According to him, it was wrong for them to take orders from Ndume.

“Security men are having challenges with some legislators because they don’t want to follow checks,’’ he added.

Danwalex said that security men were overpowered due to lack of non-functional security gadgets to enhance operational capacity.

“There is no functional walkie-talkie; we would have alerted all the exit points.”

“The CCTV is not functioning and there is only one operational patrol vehicle and the entrance into the white house requires biometric doors,’’ he said.

Chairman of the committee, Sen. Bala N’allah, requested the Police to furnish it with copies of station diary where entry of the crime was made.

He also directed that the committee should be given copies of the crime routine diary, pictures of those arrested and the transfer register explaining where the invaders were transferred to.

On her part, the Co-Chairman of the committee, Rep. Betty Apiafi, blamed the invasion on negligence on the part of the Sergeant-at-Arms.

She accused them of failing to raise alarm having observed something unusual.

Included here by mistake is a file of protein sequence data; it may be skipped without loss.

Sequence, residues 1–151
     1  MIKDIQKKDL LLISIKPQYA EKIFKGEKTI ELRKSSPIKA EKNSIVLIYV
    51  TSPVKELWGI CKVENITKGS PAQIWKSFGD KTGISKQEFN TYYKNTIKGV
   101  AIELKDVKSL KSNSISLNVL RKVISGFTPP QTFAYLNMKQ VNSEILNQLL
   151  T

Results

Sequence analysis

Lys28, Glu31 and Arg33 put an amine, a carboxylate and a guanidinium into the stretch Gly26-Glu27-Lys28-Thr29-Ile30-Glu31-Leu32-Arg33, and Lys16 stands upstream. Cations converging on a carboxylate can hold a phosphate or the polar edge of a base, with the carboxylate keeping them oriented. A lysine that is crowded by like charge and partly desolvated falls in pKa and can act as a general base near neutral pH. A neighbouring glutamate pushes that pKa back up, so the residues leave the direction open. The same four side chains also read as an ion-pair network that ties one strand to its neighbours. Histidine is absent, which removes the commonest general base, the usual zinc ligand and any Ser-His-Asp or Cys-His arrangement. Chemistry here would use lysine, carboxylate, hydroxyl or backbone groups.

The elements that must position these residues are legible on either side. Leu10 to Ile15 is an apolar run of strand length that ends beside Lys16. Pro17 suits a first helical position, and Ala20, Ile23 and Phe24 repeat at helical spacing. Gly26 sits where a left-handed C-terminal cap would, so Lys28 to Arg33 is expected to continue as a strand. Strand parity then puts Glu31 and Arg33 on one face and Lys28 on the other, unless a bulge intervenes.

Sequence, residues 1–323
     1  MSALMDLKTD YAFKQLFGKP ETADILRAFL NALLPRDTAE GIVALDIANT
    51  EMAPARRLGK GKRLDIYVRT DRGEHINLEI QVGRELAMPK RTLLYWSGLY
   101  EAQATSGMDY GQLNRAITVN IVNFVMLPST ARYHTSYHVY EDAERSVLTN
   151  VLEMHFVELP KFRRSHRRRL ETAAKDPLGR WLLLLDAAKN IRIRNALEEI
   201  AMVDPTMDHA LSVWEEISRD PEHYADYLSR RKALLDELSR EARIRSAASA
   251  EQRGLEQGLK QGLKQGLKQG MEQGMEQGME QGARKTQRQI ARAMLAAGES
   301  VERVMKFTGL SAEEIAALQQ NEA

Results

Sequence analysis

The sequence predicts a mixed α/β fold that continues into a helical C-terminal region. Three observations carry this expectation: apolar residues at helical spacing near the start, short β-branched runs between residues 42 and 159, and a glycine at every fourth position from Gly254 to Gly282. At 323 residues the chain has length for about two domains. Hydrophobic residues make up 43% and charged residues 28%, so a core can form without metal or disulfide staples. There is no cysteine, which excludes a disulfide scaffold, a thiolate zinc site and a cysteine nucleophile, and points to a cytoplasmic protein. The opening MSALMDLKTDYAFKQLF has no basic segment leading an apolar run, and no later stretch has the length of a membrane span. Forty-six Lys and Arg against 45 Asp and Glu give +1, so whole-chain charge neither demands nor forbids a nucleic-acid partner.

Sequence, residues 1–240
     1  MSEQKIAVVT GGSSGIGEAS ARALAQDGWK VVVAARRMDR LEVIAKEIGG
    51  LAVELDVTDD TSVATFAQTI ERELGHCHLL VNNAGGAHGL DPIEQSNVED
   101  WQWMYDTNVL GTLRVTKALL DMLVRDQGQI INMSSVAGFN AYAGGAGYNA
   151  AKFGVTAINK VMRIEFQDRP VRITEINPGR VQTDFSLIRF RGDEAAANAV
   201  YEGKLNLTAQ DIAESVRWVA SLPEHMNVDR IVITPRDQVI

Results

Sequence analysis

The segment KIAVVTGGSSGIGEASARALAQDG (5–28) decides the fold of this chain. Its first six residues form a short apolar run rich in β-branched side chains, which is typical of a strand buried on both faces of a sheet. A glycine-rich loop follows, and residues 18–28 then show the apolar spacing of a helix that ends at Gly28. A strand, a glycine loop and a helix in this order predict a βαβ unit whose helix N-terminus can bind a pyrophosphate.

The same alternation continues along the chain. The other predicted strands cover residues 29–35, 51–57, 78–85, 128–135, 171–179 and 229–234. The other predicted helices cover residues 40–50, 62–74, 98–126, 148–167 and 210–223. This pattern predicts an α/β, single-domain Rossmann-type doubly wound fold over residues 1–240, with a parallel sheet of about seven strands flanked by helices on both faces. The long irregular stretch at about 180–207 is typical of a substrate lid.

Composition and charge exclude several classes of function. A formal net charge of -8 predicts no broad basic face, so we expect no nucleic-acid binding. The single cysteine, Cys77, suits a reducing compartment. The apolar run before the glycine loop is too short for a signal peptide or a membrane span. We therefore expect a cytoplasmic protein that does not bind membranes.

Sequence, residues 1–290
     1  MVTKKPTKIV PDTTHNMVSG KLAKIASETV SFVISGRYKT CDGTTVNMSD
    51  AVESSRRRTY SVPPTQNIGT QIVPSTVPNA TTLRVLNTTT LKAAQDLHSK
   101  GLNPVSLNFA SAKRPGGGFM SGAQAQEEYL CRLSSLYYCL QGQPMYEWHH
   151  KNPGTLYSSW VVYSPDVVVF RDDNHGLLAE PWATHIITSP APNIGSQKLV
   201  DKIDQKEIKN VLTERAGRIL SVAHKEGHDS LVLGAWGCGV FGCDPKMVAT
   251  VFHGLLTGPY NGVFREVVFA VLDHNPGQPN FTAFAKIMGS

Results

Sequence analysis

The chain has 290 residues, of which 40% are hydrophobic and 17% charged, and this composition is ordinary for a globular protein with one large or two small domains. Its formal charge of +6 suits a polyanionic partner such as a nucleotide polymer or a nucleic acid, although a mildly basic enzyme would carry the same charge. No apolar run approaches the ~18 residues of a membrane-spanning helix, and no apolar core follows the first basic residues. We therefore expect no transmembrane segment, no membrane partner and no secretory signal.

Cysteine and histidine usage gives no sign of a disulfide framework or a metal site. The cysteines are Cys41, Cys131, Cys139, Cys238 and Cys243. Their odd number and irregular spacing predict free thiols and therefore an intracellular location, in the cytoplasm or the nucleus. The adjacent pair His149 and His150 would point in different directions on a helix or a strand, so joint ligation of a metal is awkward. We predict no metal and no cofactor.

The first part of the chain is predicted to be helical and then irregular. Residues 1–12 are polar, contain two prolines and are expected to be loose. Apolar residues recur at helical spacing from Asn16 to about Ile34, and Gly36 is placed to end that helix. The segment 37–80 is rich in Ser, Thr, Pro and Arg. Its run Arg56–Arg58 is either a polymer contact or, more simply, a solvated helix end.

Similarly, Sen. Shehu Sani accused the security operatives in the complex of regularly collecting money to allow unauthorized persons into the premises.

“People troop in here by paying money to security. Supposing they were terrorists and had it been that they came in to kill someone, they would have succeeded.”

“How could five thugs succeed if there was no collusion?”, Sani said.

 Originally published in the Punch Newspaper and Sahara onlineriginally published in the Punch Newspaper and Sahara online

Boko Haram will take years to ‘eliminate’: UN envoy

Boko Haram, News

File: AFP

Despite military successes scored against Boko Haram jihadists, it will take years to “completely eliminate” the group, a United Nations envoy told AFP Tuesday.

“Boko Haram has proven to be a resilient group…I think it will take time to totally eliminate,” said Muhammad Ibn Chambas, special envoy to the UN secretary general for West Africa and the Sahel.

“What we are seeing is that Boko Haram has become part of an international terrorism network.”

Chambas was speaking on the sidelines of a Lake Chad regional summit in Maiduguri, the capital of Borno state and birthplace of Boko Haram.